Robert Kuttner: An Open Letter to David Axelrod

Posted on Wednesday, February 25th, 2009 at 3:46 am by dpacheco

In this open letter to Obama advisor David Axelrod, Robert Kuttner, co-founder of The American Prospect and author of Obama’s Challenge: America’s Economic Crisis and the Power of a Transformative Presidency, offers his insights into what the president must do, and what the president must appear to be doing, in order to rally public opinion and force Congress to take further, and more drastic, measures to prevent another Great Depression.

From the Huffington Post:

Dear David,

President Obama faces two huge challenges in the next few months. One is dealing with the reality of an impending depression. It will take much stronger medicine to avert a depression than the measures taken to date, and the president needs to rally public opinion if he is to persuade Congress to act at the necessary scale.

The related challenge is about appearances — about whether middle America feels that the federal outlays are trickling down to regular people. So far, bankers seem to be getting too much and Main Street too little.

The two challenges are related. If the solutions are not bolder, they won’t cure the crisis. If the public isn’t persuaded of the need, Congress won’t act. If the economy keeps sinking, the people will lose confidence in the president’s leadership.

And if President Obama doesn’t boldly address both challenges, his presidency is in trouble. I take heart from some of the subtle shifts in the president’s positioning in recent weeks, but he needs to go farther, and move faster.

At the core of both problems is the sinking economy and the fact that he hired a team of orthodox economic advisers to fix it. A radical crisis requires radical solutions, but the economic team has been far behind the curve in the remedies it has put forward, both in the reality and the optics.

The Reality: To prevent a slide into depression, you will need to spend roughly another three trillion dollars of public money in order to pay for a second stimulus package (at least a trillion) and to recapitalize the banking system (as much as two trillion.) Neither Congress nor public opinion is remotely prepared for that action yet. No one but the president is capable of the kind leadership necessary to move public opinion in this direction, and Barack Obama is a better teacher than most presidents. But that money needs to be understood as practical help for ordinary American families, not as more bailout for the culprits who created the mess.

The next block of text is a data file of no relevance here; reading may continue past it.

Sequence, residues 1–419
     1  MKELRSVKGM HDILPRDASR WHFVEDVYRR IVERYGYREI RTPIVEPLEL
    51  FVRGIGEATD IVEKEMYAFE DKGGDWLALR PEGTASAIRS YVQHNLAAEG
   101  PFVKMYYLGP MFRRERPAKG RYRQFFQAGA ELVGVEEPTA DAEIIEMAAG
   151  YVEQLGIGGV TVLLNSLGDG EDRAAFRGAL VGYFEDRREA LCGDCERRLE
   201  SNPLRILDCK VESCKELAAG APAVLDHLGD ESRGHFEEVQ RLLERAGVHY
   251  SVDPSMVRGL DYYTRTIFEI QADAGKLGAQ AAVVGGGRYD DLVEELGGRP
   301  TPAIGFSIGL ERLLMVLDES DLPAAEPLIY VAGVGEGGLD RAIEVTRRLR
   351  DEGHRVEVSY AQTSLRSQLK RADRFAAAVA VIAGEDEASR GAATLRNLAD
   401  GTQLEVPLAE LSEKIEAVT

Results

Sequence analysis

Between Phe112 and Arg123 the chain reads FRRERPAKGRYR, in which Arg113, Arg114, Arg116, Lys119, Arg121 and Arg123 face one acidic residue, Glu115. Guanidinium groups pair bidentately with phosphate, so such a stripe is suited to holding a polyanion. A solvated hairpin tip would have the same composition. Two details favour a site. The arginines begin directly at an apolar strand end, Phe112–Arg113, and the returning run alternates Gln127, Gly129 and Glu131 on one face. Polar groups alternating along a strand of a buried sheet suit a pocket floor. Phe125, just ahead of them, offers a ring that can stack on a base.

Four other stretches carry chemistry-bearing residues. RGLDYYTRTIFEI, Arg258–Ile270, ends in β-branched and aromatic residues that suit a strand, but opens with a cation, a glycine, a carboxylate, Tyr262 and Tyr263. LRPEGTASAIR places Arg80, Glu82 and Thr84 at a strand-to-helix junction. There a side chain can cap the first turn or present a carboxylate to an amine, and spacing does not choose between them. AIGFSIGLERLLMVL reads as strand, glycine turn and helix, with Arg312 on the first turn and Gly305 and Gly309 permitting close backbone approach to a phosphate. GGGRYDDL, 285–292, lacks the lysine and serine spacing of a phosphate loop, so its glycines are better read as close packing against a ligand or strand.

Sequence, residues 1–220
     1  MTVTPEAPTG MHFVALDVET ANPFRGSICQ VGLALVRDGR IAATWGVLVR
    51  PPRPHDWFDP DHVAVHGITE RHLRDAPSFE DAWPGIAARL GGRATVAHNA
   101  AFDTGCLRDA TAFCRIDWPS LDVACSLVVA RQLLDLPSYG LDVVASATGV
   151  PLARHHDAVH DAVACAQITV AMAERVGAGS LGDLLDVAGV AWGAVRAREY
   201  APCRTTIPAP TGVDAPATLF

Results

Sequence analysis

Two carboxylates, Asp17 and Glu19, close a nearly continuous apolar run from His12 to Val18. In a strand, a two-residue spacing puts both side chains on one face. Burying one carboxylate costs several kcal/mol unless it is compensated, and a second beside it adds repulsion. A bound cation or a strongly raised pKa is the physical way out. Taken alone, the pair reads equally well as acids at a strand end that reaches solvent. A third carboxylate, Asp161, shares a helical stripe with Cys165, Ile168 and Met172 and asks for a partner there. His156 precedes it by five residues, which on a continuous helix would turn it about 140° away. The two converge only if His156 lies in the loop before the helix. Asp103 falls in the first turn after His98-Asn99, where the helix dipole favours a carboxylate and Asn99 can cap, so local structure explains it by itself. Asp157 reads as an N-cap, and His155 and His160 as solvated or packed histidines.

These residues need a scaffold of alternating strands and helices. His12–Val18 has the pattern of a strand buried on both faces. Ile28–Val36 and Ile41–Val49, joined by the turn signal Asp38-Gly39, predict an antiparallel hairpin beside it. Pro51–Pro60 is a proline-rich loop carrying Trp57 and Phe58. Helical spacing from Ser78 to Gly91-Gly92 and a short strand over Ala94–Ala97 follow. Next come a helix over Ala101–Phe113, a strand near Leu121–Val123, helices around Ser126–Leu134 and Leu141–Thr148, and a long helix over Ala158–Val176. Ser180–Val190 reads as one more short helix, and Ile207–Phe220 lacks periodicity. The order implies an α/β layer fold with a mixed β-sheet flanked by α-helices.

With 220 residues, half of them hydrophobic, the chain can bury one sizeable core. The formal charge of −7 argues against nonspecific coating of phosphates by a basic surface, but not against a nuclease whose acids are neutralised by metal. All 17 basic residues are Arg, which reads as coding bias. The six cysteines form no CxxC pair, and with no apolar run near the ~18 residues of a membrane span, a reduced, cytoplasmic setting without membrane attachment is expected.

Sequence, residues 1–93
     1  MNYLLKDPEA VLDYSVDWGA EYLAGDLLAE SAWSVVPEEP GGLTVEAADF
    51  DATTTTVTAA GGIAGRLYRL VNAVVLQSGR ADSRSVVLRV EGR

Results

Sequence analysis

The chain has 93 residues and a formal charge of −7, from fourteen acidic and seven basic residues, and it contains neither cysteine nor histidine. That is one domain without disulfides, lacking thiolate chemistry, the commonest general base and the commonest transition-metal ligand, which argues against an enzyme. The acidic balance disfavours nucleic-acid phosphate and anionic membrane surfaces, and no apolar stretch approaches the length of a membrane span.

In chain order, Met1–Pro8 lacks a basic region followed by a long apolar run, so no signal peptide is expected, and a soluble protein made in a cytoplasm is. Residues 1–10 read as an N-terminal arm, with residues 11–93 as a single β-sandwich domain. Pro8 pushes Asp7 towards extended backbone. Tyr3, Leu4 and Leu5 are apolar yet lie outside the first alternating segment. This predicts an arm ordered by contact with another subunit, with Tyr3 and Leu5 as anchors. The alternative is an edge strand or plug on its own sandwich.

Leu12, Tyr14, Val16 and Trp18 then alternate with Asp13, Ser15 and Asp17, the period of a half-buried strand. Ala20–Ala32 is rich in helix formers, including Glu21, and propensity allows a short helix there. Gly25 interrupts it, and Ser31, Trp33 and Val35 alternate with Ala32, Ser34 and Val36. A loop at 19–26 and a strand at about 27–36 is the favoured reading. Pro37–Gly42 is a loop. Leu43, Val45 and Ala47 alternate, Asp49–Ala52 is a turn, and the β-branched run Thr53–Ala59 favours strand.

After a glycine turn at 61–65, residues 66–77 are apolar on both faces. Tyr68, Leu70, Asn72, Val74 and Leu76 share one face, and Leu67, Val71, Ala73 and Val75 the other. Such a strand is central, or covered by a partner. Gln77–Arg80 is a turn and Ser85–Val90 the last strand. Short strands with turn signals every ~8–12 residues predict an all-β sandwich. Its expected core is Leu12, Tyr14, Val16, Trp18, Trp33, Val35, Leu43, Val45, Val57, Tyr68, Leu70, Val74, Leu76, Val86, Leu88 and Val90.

Faced with three trillion dollars in additional needs, the administration has only $350 billion at its disposal — the as yet unspent TARP funds. Right now, the administration seems to be trying to spend that money several times over — first as an equity guarantee to anchor more borrowing from the Federal Reserve as the core of Tim Geithner’s latest bank rescue; then as a source of public funds for the auto restructuring; and again as part of the plan to refinance mortgages and prevent foreclosures. This string is more than played out. There are limits, financially and politically, to the use of the Fed as all-purpose piggy-bank. At some point very soon, Congress needs to be brought back in, because your efforts require both Congressional support and a lot more real money. And Congress will only act if the people understand the stakes.

The political reality is that the economy needs to be on the mend by mid-2010, or the Democrats will lose seats in the mid-term election. But most informed observers think that if present trends continue, the economy will not be in recovery by Election Day 2010. If the Republicans eat into what is now a bare working Congressional majority, you will face legislative gridlock. And the perception of a weakened presidency will become a reality — portending even worse political news for the president’s re-election in 2012.

Right now, the president has enlisted some Republican governors like Charlie Crist urging diehard GOP legislators to back his program. That’s a trifecta. It splits the opposition party, reinforces the perception of Republican obstructionism in Congress, and vindicates the president’s bipartisan overtures. Well done! But this will last only as long as President Obama’s program seems to be working.

Read the whole article here.

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